The master thief and urchins aren’t the only characters you’ll encounter in the game. As you progress you’ll unlock the ability to purchase upgrades like weapons to attack a rival guild, gangs that earn you gold for kills, or thugs that can block streets and join gangs to make them even stronger. You’ll also run across truant officers that can yank your urchins from infiltrated buildings or unlock the ability to hire saboteurs that set traps for truant officers. Meanwhile, assassins, while costly, can be hired to take down hefty targets in one fell swoop.

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Each chapter of Antihero unlocks new characters and upgrades to purchase. Photo: Player.One

After completing the campaign chapters, which are quite enjoyable in their own right, players then have the option to move into multiplayer battles or AI skirmishes. Multiplayer battles come in two modes - casual and live . Casual battles are asynchronous with a notification alerting you when it’s time for your move. You can be matched with a random player or invite a friend to play. Live games have the same options, but happen in real-time. Meanwhile, skirmishes are a variation on the basic gameplay that alters the goals to fit a specific scenario. For example, in “The Agency” skirmish, players are charged with delivering a certain amount of bribes to a sinister and powerful agency before the opponent does. The game is played against an AI so you can set the difficulty from easy to difficult. There is also an option to customize the rules for starting health, cost of items and other features, making the AI battles even more interesting.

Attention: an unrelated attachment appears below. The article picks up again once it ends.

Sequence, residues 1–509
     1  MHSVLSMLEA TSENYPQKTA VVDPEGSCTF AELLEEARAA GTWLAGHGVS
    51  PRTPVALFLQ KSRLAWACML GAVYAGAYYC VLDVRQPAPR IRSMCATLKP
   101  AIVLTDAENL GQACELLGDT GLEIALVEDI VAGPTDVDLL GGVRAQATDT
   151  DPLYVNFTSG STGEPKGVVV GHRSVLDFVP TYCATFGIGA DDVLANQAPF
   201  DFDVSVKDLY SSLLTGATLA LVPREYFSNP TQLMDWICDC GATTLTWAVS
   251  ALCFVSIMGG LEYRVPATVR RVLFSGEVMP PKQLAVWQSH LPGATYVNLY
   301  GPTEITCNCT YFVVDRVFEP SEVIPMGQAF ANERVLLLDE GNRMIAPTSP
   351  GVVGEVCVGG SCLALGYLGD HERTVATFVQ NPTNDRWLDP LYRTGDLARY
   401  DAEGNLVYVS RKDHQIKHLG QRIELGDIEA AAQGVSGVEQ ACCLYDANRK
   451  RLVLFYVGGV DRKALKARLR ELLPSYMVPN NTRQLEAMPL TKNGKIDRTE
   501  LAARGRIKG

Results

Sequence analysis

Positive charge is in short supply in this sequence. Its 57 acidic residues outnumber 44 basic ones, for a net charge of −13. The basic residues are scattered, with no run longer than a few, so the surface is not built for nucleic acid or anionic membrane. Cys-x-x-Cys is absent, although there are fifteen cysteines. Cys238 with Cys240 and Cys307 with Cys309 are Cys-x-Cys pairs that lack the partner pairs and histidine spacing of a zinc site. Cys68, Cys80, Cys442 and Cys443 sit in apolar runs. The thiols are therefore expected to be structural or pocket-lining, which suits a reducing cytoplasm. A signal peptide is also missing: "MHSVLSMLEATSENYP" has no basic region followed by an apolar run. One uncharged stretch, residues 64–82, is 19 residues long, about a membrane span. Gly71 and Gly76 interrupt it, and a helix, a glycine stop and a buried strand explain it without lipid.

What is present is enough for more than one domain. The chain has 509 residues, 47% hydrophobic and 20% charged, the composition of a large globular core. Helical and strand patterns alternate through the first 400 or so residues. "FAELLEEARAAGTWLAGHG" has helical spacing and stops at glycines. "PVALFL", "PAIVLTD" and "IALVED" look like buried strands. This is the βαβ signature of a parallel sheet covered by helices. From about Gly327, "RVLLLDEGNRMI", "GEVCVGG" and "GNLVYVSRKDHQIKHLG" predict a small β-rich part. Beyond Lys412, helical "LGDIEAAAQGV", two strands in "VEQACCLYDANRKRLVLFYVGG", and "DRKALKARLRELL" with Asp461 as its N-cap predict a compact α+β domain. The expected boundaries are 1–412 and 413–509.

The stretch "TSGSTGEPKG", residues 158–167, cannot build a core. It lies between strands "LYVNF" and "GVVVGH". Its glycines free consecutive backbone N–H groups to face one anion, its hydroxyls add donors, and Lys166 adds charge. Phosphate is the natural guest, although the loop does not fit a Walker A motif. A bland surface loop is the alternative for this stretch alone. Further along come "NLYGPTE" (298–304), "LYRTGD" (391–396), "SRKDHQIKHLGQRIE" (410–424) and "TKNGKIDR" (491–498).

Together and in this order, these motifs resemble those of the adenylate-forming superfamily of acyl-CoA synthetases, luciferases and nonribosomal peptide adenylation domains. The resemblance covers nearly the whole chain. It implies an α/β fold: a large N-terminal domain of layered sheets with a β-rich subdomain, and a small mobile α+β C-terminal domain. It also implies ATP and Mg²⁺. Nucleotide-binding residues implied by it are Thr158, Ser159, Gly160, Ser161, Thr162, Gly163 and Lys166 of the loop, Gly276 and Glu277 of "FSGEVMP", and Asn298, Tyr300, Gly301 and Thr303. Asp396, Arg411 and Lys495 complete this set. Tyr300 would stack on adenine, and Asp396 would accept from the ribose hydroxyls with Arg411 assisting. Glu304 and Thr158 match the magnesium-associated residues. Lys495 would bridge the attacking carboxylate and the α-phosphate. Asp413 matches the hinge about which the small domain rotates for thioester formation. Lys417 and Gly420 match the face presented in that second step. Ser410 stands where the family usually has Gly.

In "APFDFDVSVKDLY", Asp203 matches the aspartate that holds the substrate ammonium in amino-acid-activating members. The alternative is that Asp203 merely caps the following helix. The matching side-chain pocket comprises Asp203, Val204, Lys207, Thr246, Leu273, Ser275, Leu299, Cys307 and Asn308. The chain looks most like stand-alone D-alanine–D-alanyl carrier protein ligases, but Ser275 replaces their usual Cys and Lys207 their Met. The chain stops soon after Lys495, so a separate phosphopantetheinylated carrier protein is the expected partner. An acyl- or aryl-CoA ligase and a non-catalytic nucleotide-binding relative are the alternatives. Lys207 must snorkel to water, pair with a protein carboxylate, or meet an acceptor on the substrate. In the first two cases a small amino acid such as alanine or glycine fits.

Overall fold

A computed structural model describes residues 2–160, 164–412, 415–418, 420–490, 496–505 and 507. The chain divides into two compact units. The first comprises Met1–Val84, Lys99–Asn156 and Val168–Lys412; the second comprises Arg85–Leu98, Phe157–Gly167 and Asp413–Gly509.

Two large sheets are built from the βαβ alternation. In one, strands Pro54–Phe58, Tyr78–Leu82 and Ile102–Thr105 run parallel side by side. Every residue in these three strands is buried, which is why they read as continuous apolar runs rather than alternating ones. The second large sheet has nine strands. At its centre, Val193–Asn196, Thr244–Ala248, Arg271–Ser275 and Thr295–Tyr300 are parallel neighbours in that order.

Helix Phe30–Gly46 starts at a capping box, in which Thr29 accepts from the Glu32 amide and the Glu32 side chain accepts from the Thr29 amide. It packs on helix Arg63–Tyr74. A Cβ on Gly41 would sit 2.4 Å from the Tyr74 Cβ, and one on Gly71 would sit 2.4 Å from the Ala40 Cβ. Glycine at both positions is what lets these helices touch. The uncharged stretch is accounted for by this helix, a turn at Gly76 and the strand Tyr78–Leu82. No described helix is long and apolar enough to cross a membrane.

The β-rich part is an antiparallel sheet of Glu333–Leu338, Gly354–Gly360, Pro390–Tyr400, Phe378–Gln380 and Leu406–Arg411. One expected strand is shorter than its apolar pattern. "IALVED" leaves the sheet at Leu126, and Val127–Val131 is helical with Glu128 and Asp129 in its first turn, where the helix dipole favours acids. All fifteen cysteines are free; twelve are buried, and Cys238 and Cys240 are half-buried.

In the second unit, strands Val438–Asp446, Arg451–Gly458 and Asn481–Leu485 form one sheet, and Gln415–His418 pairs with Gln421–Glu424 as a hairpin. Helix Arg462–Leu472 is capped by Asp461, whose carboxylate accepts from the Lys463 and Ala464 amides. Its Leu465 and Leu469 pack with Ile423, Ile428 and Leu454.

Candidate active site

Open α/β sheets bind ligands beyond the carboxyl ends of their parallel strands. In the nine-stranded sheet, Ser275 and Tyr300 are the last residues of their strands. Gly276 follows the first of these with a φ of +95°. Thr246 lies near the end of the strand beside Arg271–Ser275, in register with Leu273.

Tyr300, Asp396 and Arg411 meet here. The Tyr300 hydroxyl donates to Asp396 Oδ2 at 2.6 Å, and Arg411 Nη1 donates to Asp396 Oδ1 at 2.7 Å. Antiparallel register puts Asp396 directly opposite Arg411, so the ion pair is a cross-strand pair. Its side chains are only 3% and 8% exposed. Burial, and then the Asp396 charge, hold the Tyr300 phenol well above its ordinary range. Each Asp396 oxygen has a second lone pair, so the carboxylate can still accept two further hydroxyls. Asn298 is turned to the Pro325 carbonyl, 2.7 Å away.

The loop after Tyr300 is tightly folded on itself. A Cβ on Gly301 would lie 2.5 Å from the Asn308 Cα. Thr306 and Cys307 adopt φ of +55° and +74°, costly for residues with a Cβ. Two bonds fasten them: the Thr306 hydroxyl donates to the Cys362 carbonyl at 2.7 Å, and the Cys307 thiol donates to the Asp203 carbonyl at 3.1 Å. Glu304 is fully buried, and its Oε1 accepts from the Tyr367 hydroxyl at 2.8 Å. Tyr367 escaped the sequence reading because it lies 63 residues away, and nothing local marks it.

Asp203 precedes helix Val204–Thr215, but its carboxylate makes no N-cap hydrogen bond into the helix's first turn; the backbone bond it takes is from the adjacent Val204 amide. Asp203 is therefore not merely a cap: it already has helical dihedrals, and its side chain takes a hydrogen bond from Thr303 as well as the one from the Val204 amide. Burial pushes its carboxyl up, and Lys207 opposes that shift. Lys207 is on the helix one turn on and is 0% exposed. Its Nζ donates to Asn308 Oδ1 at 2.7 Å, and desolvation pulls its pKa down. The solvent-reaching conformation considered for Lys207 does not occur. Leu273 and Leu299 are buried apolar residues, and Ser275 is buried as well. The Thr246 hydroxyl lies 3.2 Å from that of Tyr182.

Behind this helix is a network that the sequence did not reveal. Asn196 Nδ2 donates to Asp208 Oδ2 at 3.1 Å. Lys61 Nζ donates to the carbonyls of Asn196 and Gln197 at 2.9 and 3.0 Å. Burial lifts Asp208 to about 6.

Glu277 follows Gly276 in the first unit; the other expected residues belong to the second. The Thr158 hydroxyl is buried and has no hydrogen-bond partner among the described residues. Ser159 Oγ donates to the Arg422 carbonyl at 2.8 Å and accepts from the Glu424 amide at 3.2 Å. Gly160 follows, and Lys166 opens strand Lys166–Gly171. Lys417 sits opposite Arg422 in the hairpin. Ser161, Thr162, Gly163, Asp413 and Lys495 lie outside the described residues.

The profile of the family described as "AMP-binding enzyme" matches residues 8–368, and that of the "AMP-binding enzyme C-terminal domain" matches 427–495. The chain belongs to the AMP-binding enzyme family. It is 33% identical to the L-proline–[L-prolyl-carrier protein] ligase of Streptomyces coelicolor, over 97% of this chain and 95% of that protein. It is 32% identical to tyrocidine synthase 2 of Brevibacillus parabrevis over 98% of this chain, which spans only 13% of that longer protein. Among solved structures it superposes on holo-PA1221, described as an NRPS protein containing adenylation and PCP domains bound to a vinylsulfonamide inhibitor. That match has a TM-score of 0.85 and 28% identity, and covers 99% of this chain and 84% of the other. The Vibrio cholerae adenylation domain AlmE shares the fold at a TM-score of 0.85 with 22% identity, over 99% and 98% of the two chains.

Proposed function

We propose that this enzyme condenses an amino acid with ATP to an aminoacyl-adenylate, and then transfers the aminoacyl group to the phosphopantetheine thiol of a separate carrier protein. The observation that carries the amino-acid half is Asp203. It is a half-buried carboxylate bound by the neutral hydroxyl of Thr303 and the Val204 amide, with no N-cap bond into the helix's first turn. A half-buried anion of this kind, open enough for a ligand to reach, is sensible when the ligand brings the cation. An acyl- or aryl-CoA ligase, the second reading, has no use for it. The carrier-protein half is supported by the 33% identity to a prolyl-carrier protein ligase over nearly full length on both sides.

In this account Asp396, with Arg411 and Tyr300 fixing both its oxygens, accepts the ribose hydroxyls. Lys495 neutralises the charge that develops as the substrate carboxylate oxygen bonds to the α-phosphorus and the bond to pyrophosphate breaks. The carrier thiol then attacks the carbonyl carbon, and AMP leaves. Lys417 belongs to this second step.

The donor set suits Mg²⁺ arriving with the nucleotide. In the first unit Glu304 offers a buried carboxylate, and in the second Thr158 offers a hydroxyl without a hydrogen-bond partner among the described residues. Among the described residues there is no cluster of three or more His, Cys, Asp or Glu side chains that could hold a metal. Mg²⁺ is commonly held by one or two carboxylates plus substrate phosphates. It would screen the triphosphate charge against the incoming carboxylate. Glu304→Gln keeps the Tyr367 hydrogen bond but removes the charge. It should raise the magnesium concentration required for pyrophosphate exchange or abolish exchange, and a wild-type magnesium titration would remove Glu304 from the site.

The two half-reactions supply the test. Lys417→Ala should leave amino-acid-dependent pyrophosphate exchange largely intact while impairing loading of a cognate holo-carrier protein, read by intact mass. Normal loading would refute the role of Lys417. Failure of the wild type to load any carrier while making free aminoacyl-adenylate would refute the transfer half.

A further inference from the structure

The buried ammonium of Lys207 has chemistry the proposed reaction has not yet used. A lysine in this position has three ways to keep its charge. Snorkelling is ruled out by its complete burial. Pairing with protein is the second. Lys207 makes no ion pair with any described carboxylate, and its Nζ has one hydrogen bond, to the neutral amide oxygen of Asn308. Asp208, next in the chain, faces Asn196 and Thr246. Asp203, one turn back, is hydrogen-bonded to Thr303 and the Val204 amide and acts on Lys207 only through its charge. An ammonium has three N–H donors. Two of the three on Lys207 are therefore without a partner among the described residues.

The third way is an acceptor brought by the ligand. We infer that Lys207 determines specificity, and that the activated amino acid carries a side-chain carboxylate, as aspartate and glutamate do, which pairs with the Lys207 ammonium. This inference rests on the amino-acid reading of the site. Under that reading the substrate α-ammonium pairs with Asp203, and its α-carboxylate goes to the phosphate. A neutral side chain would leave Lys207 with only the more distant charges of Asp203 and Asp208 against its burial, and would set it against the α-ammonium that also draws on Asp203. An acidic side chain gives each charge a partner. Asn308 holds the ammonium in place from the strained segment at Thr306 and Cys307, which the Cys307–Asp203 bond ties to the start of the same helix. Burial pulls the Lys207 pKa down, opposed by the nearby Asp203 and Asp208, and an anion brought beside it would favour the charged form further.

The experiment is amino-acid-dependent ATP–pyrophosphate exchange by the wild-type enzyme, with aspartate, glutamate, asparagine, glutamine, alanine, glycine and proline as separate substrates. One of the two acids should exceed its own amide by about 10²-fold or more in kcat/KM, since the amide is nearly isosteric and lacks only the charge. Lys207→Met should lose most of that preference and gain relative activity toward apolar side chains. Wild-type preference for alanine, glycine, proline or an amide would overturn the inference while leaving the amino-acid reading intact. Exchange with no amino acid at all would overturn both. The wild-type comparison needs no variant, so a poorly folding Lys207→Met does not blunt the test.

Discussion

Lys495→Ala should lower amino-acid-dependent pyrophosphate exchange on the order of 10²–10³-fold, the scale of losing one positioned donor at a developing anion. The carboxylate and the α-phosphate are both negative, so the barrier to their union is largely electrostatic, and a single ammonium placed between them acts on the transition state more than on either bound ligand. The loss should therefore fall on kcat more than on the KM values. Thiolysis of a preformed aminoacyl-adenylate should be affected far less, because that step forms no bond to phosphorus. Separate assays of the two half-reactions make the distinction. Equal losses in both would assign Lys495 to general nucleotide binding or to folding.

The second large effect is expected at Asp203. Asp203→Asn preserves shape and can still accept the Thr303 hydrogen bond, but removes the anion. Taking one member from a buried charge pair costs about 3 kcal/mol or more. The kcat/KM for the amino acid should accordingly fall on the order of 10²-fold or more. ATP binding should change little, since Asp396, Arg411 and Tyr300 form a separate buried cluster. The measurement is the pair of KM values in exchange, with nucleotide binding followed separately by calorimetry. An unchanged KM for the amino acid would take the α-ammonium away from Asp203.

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Antihero offers AI skimishes with alterations to original goals and customizable game rules. Photo: Player.One

As I played Antihero, I was continually impressed by just how perfect it is. It checks every box game designers should be mindful of when creating something for real players. It’s engaging and deep, yet the rules are explained in bite-sized chunks that are accessible to anyone. Though storyline isn’t a central feature of the game, there is just enough of it to draw you in and truly make you feel you are, indeed, a master thief.

Antihero’s artwork is beautiful — thick-lined pen and ink illustrations colored with hues from a matte palette that manage to be both vibrant and bleak at once. There are subtle details of the game design like the wittily crafted street names and varied avatars you can unlock during the campaign that add a polish and sophistication to Antihero. It makes playing Antihero a wholly satisfying experience.

Anithero is a paid offering so there are no ads to impede your gameplay screen or an ongoing in-app purchase paywall. Rather, the developer offers it for a humble $3.99 on the App store, which, in our opinion, is a steal.

Anithero is available now for iOS ( Android release is coming sometime in the near future) in the App store. You can download it, here.

 

REVIEW SUMMARY
Antihero Review: Thieves Abound In This Fantastic Turn-Based Strategy Game
10
Antihero Review: Thieves Abound In This Fantastic Turn-Based Strategy Game
Antihero is a new turned-based strategy game set in Charles Dickens' England as players vie to become king of the thieves. Find out why we think Antihero will be one of the best mobile game releases of 2018.
  • deep strategy
  • thorough tutorial
  • multiple gameplay modes
  • synchronous and asynchronous gameplay options for online multiplayer battles
  • rule customization options
  • no ads or in-app purchase requirements
  • Android version unavailable (iOS and PC only)